The judge noted that it was “irresistible that the defendant’s capacity to drive…………was substantially impaired by the alcohol that he consumed”. and stated that the Plaintiff “should have known that” and that the plaintiff was guilty of contributory negligence in travelling with the defendant at a time when his capacity to drive was impaired by alcohol.

2. Whether the plaintiff was wearing a seatbelt

The defendant claimed that the plaintiff was guilty of contributory negligence in failing to wear a seatbelt and that her injuries were consistent with failing to wear a seatbelt and that she told the nurse at Letterkenny hospital that she was not wearing a seatbelt. The plaintiff’s case was that she was confused after the accident because she had suffered a severe impact to her head. Dr. Mark Jordan, Consulting Engineer, gave evidence for the plaintiff and expressed the opinion that the plaintiff was wearing a seatbelt. The defendant’s medical expert gave evidence that the plaintiff’s injuries were consistent with the history of being ejected from the car and were not consistent with wearing a seatbelt.

The judge concluded that the plaintiff was not wearing a seatbelt as studies showed that 97% of people who were ejected from vehicles after crashes were not wearing seatbelts. The judge also determined that there was no evidence that the seatbelts were defective.

Quantum of Contributory Negligence

Justice Ryan summarised the position that a passenger in a car driven by a person who is under the influence of alcohol takes the risk of being seriously injured. The decided cases referred to in the judgement cover a range of findings of contributory negligence that in the modern jurisprudence came between 30% and 50%. The judge noted that failure to wear a seatbelt was visited with less severe sanction in terms of finding of contributory negligence. In a case where a passenger knew or ought to have known of the intoxicated condition of the driver and also failed to wear a seatbelt, a finding of contributory negligence in the amount of 55% was made.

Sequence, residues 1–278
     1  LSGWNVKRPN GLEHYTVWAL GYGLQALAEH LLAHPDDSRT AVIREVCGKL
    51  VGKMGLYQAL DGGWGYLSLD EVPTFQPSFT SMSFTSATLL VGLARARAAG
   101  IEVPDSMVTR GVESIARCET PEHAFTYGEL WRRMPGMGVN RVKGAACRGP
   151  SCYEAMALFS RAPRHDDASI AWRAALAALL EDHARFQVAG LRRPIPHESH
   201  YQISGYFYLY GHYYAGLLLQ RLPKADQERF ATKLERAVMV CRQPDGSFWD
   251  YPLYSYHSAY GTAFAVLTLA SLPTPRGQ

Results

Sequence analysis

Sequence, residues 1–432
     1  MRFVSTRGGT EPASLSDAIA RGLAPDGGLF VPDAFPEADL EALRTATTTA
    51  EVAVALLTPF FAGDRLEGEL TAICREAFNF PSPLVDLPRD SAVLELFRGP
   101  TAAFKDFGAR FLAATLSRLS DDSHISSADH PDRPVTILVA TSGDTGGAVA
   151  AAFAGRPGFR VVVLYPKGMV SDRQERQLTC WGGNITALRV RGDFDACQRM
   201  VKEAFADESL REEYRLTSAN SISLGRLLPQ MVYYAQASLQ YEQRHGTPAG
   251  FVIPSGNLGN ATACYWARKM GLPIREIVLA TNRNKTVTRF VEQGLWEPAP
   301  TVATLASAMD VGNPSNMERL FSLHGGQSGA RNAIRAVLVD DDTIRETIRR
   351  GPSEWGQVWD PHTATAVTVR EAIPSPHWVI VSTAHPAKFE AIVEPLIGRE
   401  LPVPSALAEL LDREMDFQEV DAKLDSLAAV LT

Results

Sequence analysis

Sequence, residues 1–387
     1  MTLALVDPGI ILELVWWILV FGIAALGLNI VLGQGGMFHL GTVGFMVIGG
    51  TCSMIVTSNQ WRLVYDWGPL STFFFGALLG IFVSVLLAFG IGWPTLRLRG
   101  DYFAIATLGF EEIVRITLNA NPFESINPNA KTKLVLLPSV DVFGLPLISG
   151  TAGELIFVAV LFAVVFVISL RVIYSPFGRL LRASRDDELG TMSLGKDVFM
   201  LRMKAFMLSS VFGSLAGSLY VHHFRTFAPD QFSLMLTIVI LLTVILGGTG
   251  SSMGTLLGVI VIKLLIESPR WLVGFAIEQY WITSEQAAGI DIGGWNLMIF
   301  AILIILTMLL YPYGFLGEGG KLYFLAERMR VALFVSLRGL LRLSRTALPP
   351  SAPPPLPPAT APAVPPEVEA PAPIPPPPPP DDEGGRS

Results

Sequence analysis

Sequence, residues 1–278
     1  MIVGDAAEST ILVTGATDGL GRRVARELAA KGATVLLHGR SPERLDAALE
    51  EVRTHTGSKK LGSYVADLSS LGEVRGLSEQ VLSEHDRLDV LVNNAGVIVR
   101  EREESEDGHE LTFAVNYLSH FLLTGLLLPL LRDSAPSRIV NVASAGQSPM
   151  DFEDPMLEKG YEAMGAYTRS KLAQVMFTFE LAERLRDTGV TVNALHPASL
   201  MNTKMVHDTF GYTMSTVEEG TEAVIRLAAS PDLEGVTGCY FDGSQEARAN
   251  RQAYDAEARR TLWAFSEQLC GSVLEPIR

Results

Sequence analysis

Where there was an issue of contributory negligence in relation to the condition of the driver and the failure to wear a seatbelt, in the current case, he assessed contributory negligence in the amount of 40%.

Injuries Suffered

It was agreed that the plaintiff suffered a significant head injury with fractures of the cheek bone and jaw and also had fractures of left and right clavicles with significant shoulder pain and restriction of left shoulder movement. In addition the plaintiff had fractures of her ribs bilaterally, lacerations of the left hip, the right buttock and the left thigh and the last of these had left a significant scar. The plaintiff also had memory difficulties resulting from the accident.

There was dispute between the parties about injuries to the plaintiff’s neck and her back and the judge stated that is was noteworthy that the plaintiff did not had an MRI scan, a CT scan or even an X-ray of her back. The judge also stated that it was significant that the plaintiff did not make any complaint about her back to her orthopaedic surgeon

The court observed that the plaintiff had been on job seekers allowance since 2010, which was implied by the defendant that she was actively looking for work and that she was fit for such work. The court noted that this point represented a serious obstacle for the plaintiff in making a case of incapacity now and into the future. The court stated that it did not propose to make an award under this heading but that the sequelae of the injuries including ongoing pain, discomfort and some general loss of faculty must be reflected in damages.

The court took into account the plaintiff’s time in hospital in Letterkenny and Derry, the severe pain she experienced, and the multiple areas of her body that were affected and the lengthy recuperation.

Award of Damages

In conclusion the High Court assessed general damages for the past at €100,000 and for the future at €65,000. The court noted that the agreed special damages were €25,500. The total sum of €190,500 was reduced by 40% in view of the finding as to contributory negligence. In summary the plaintiff was awarded €114,300.